17. Multi-word CAS • Atomic read-modify-write to a set of locations • A useful building block: • Many existing designs (queues, stacks, etc) use CAS2 directly (e.g. Detlefs ’00) • More generally it can be used to move a structure between consistent states • We’d like it to be non-blocking, disjoint-access parallel, linearizable, and efficient with natural data

18. …none of them practicable Parallel Requires Reserved bits p processors, word size w, max n locations, max a addresses Previous work • Lots of designs…

19. Design  Build descriptor  Acquire locations 0x100 H  Decide outcome 0x104 DCSS (&status, UNDECIDED, 0x10C, 0x110, &descriptor) DCSS (&status, UNDECIDED, 0x114, 0x118, &descriptor)  Release locations CAS (&status, UNDECIDED, SUCCEEDED) 0x108 10 CAS (0x114, &descriptor, null) CAS (0x10C, &descriptor, 0x118) 0x10C 0x110 status=SUCCEEDED status=UNDECIDED 20 0x114 null locations=2 0x118 T a1=0x10C o1=0x110 n1=0x118 a2=0x114 o2=0x118 n2=<null> 0x11C

20. Reading word_t read (addr_t a) { word_t val = *a; if (!isDescriptor(val)) return val else { SUCCEEDED => return new value; return old value; } } 0x100 H 0x104 0x108 10 0x10C 0x110 status=UNDECIDED 20 0x114 locations=2 0x118 T a1=0x10c o1=0x110 n1=0x118 a2=0x114 o2=0x118 n2=<null> 0x11C

21. 0x108 10 0x10C ac=0x200 oc=0 au=0x10C ou=0x110 nu=0x200 Whither DCSS? • Now we need DCSS from CAS: • Easier than full CAS2: the locations used for ‘control’ and ‘update’ addresses must not overlap, only the ‘update’ address may be changed + we don’t need the result • DCSS(&status, UNDECIDED 0x10C, 0x110, &descriptor): if (*0x200 == 0) CAS (0x10C, &DCSSDescriptor, 0x200) else CAS (0x10C, &DCSSDescriptor, 0x110); CAS (0x10C, 0x110, &DCSSDescriptor)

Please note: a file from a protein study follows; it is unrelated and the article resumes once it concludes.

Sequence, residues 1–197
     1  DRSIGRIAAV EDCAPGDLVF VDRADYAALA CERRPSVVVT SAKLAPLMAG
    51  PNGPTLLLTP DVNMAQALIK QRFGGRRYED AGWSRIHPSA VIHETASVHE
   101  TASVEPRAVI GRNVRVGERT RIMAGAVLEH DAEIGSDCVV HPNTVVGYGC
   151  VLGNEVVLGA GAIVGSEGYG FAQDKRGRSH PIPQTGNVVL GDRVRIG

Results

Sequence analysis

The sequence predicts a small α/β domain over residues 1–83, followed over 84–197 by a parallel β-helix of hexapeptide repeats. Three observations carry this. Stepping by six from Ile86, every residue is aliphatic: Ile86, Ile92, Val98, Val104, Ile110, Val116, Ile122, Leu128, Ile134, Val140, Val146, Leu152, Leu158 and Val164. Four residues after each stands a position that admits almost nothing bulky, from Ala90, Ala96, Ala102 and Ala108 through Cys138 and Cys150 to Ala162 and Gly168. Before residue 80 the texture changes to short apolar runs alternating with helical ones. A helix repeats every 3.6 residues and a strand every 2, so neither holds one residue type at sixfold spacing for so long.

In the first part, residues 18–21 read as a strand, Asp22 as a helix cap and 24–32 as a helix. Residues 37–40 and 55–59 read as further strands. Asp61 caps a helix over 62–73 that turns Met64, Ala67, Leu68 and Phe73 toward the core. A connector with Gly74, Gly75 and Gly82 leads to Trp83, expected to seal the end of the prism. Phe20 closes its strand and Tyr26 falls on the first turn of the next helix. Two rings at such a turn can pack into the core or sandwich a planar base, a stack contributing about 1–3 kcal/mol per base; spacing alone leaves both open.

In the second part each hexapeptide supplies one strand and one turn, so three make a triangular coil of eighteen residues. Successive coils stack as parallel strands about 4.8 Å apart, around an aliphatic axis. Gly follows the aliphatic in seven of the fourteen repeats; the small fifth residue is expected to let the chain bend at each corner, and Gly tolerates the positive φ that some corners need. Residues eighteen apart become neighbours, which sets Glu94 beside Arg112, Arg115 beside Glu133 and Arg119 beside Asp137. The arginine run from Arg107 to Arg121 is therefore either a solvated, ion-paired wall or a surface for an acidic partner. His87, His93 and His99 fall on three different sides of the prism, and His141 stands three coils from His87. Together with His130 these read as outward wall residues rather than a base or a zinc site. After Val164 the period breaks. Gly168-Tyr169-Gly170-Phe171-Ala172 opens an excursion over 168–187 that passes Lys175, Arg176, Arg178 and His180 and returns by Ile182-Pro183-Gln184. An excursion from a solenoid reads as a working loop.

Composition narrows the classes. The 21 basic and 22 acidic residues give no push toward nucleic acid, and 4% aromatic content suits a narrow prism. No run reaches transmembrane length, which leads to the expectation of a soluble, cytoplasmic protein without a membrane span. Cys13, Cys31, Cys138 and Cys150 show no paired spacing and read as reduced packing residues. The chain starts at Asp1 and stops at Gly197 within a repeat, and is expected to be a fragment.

22. Evaluation: method • Attempt to permute elements in a vector. Can control: • Level of concurrency • Length of the vector • Number of elements being permuted • Padding between elements • Management of descriptors 60 54 76 43 6 45 23

23. Evaluation: small systems CASn width (words permuted per update) Algorithm used • gargantubrain.cl: 4-processor IA-64 (Itanium) • Vector=1024, Width=2-64, No padding • s per successful update

24. Evaluation: large systems • hodgkin.hpcf: 64-processor • Origin-2000, MIPS R12000 • Vector=1024, Width=2 • One element per cache line MCS IR ms per successful update HF-RC Number of processors

25. Overview • Introduction • Linked lists using CAS • Multi-word CAS • Conclusions

26. Conclusions • Some general techniques • The descriptor pointers serve two purposes: • They allow ‘helpers’ to find out the information needed to complete their work. • They indicate ownership of locations • Correctness seems clearest when thinking about the state of the shared memory, not the state of individual threads • Unlike previous work we need only a small and constant number of reserved bits (e.g. 2 to identify descriptor pointers if there’s no type information available at run time)

27. Conclusions (2) • Our scheme is the first practical one: • Can operate on general pointer-based data structures • Competitive with lock-based schemes • Can operate on highly parallel systems • Disjoint-access parallel, non-blocking, linearizable http://www.cl.cam.ac.uk/~tlh20/papers/hfp-casn-submitted.pdf